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Containing Internet Worms

A new method could stop Internet worms from spreading.
June 12, 2008

The spread of Internet worms could be stopped early on by using a new method to watch computers for the behavior exhibited by infected hosts, according to research recently published in IEEE Transactions on Dependable and Secure Computing. Although other methods exist to protect against worms, the new strategy is designed to minimize interference with users’ normal work patterns, says Ness Shroff, a professor in the electrical-engineering department at Ohio State University, who was involved in the research. The researchers envision the technique being used in corporate networks, where it could identify computers that need to be quarantined and checked for infection.

Internet worms can be enlisted to launch denial-of-service attacks, which flood a website so that legitimate users can’t access it, or install back doors that can be used to create botnets. Large numbers of infected computers could significantly slow Internet traffic, even if the worms do nothing more than spread.

The Purdue University and Ohio State method of preventing worms from spreading works primarily for a class of worms that scans the Internet randomly in search of vulnerable host machines to infect. One such worm was Code Red, which infected more than 359,000 computers in less than 14 hours in 2001, and ultimately caused an estimated $2.6 billion in damages. Although this type of worm has been around for some time, Kurt Rohloff, a scientist in the distributed systems technology group at BBN Technologies, says that it is still dangerous. These “are a very simple class of worms that’s very easy to develop and program, but at the same time, they’re not as easy to contain,” he says. “If we could understand these fairly simple but still problematic worms, we could hopefully address the more so-called devious worms.”

The researchers base their strategy on a new model that they designed for how worms spread. Many existing models are based on an analogy to the spread of epidemics, Shroff says, but they are more accurate at later stages of an infection. The researchers’ model was particularly designed for accuracy in the early stages of infection, and it revealed that the key to whether or not a worm can spread successfully is the total number of times that an infected host scans the Internet in attempts to find new hosts to infect.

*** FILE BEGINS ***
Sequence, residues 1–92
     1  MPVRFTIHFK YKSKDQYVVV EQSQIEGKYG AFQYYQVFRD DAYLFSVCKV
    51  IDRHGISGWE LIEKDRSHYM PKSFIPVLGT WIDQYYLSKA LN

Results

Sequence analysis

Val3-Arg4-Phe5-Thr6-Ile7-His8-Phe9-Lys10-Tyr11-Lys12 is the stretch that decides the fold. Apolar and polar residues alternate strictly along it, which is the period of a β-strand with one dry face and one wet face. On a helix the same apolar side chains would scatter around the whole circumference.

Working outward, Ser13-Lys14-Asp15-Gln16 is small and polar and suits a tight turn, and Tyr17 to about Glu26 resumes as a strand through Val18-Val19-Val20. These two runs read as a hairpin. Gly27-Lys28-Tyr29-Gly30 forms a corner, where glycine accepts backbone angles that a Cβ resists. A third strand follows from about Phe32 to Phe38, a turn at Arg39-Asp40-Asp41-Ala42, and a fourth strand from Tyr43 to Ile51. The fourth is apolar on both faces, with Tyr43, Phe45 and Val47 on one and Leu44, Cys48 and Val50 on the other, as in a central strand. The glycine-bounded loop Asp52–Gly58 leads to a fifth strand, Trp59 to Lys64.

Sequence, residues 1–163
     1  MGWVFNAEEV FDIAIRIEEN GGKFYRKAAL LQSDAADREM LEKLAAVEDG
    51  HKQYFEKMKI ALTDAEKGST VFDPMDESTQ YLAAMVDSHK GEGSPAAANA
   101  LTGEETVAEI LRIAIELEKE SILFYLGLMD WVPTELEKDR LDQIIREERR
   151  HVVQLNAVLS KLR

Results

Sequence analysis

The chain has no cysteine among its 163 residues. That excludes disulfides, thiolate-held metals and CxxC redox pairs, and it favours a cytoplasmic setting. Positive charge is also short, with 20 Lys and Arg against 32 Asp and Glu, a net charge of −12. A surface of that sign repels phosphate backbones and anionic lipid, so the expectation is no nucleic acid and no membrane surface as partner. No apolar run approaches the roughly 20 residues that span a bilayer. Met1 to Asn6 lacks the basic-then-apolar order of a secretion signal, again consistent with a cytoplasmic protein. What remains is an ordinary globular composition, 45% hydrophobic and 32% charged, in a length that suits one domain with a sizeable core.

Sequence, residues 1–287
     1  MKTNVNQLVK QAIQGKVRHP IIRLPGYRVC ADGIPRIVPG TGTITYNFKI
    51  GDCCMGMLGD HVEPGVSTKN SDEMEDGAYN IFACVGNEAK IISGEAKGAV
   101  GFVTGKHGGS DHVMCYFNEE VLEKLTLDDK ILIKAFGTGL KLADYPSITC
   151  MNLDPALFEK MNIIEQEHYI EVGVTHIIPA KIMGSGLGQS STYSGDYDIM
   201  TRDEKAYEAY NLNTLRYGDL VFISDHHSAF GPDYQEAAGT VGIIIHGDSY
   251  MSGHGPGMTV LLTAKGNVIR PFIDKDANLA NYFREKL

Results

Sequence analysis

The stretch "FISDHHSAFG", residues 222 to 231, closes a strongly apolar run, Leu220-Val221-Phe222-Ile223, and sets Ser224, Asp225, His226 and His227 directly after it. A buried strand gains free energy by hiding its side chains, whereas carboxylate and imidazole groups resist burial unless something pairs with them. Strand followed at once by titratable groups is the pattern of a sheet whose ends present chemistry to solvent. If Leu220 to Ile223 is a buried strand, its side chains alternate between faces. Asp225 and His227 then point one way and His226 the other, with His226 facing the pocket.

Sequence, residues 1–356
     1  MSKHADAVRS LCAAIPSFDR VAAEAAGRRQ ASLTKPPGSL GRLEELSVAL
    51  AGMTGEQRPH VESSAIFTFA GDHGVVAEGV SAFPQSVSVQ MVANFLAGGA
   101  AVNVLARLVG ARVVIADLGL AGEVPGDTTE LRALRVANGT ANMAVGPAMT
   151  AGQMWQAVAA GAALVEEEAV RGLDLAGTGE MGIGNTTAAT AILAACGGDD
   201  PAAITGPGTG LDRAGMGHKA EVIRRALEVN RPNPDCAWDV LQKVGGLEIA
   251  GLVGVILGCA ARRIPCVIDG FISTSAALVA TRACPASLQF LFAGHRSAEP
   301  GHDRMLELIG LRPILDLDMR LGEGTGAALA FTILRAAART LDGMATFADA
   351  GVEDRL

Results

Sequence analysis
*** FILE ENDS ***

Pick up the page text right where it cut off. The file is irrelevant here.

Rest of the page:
While other methods of containing worms have focused on monitoring computers for changes in the rate at which they scan the Internet from moment to moment, Shroff says that this can interfere with users’ daily activities. “Scan rates fluctuate a lot, so if you go online, you may scan a lot of times during a very short period of time, and then not scan at all,” he says. “We felt that the scan rate was too restrictive and could interfere with the normal operation of the network.” By monitoring the volume of scans over a longer period of time, he says, it’s possible to contain worms while keeping the threshold too high for ordinary users to raise alarms. Software could monitor the number of scans each computer on a network sends and quarantine any computers that exceed that number. Shroff hopes that changing the criteria for suspecting infection in this way will reduce the likelihood that legitimate scans of the Internet would be flagged as worm activity.

“In a sense, what we’re doing is taking advantage of the fact that this worm is trying a lot of things and missing many times, and each time it misses, it’s giving out some information,” Shroff says. Although the system is designed for dealing with scanning worms that seek vulnerable hosts at random, the researchers have also adapted it for worms that target their attacks at specific local networks.

Shroff believes that the system could best be deployed on corporate networks, particularly in situations in which extra computers are available that could cover a workload while possibly infected computers are examined. It might not work as well for small businesses or on home networks, because taking a computer offline could be too large of a disruption for users, he says.

Rohloff says that he could imagine such a system being effective, but he cautions, “The bias, of course, would be that it would protect local networks from infections that are already present in the network. It wouldn’t do as much for protecting networks from infections that come from the outside.” He adds that while the researchers’ model and initial simulations look good, he would be curious to see a more thorough analysis of how often the system suspects a computer of being infected with a worm when no worm is actually present.

The Purdue and Ohio State researchers suggest that future work could search for ways to adapt their tools for ever more targeted worms. Shroff says that while he and his colleagues are now concentrating on stopping worms at the level of host computers, another possible direction could be to make software that would allow routers to watch for suspicious traffic patterns. While such an approach could allow a relatively large number of computers to be monitored from a single point, it would also require significant changes to how routers operate. While they currently keep track of only the destination of Internet traffic, they would have to begin keeping track of its source as well.

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